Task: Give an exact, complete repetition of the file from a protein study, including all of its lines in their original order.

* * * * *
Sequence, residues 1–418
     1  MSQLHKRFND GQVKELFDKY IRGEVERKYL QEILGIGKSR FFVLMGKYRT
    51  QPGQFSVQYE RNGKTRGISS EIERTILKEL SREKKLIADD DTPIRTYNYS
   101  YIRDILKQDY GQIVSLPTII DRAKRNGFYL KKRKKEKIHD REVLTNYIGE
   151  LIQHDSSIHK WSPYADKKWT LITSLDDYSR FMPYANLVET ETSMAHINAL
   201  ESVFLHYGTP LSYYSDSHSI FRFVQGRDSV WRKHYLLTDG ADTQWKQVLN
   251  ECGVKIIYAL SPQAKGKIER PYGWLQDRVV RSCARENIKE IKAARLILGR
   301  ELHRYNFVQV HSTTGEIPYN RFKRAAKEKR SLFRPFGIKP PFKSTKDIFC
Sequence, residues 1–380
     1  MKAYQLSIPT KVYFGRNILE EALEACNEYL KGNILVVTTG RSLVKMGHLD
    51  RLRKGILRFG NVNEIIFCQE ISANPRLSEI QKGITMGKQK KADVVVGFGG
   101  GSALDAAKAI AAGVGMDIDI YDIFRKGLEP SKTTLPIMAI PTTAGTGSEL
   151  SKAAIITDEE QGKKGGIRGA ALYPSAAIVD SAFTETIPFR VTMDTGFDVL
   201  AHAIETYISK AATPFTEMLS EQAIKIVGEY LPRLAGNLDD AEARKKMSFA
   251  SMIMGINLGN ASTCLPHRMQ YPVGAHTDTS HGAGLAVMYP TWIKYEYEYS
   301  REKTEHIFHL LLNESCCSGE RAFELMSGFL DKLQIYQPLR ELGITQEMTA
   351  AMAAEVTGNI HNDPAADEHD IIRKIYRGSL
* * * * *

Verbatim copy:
Sequence, residues 1–418
     1  MSQLHKRFND GQVKELFDKY IRGEVERKYL QEILGIGKSR FFVLMGKYRT
    51  QPGQFSVQYE RNGKTRGISS EIERTILKEL SREKKLIADD DTPIRTYNYS
   101  YIRDILKQDY GQIVSLPTII DRAKRNGFYL KKRKKEKIHD REVLTNYIGE
   151  LIQHDSSIHK WSPYADKKWT LITSLDDYSR FMPYANLVET ETSMAHINAL
   201  ESVFLHYGTP LSYYSDSHSI FRFVQGRDSV WRKHYLLTDG ADTQWKQVLN
   251  ECGVKIIYAL SPQAKGKIER PYGWLQDRVV RSCARENIKE IKAARLILGR
   301  ELHRYNFVQV HSTTGEIPYN RFKRAAKEKR SLFRPFGIKP PFKSTKDIFC
Sequence, residues 1–380
     1  MKAYQLSIPT KVYFGRNILE EALEACNEYL KGNILVVTTG RSLVKMGHLD
    51  RLRKGILRFG NVNEIIFCQE ISANPRLSEI QKGITMGKQK KADVVVGFGG
   101  GSALDAAKAI AAGVGMDIDI YDIFRKGLEP SKTTLPIMAI PTTAGTGSEL
   151  SKAAIITDEE QGKKGGIRGA ALYPSAAIVD SAFTETIPFR VTMDTGFDVL
   201  AHAIETYISK AATPFTEMLS EQAIKIVGEY LPRLAGNLDD AEARKKMSFA
   251  SMIMGINLGN ASTCLPHRMQ YPVGAHTDTS HGAGLAVMYP TWIKYEYEYS
   301  REKTEHIFHL LLNESCCSGE RAFELMSGFL DKLQIYQPLR ELGITQEMTA
   351  AMAAEVTGNI HNDPAADEHD IIRKIYRGSL